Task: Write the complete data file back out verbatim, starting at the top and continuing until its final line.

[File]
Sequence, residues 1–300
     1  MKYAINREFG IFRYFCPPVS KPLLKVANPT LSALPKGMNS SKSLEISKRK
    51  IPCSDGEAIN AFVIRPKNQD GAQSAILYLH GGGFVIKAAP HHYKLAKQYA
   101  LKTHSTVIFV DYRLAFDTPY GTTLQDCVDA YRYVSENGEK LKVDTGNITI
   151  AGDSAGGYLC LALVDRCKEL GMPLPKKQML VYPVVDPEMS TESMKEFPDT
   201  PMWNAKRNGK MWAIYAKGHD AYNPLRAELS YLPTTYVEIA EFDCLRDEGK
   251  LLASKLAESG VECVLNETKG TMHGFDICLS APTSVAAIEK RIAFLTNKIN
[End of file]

Sequence, residues 1–300
     1  MKYAINREFG IFRYFCPPVS KPLLKVANPT LSALPKGMNS SKSLEISKRK
    51  IPCSDGEAIN AFVIRPKNQD GAQSAILYLH GGGFVIKAAP HHYKLAKQYA
   101  LKTHSTVIFV DYRLAFDTPY GTTLQDCVDA YRYVSENGEK LKVDTGNITI
   151  AGDSAGGYLC LALVDRCKEL GMPLPKKQML VYPVVDPEMS TESMKEFPDT
   201  PMWNAKRNGK MWAIYAKGHD AYNPLRAELS YLPTTYVEIA EFDCLRDEGK
   251  LLASKLAESG VECVLNETKG TMHGFDICLS APTSVAAIEK RIAFLTNKIN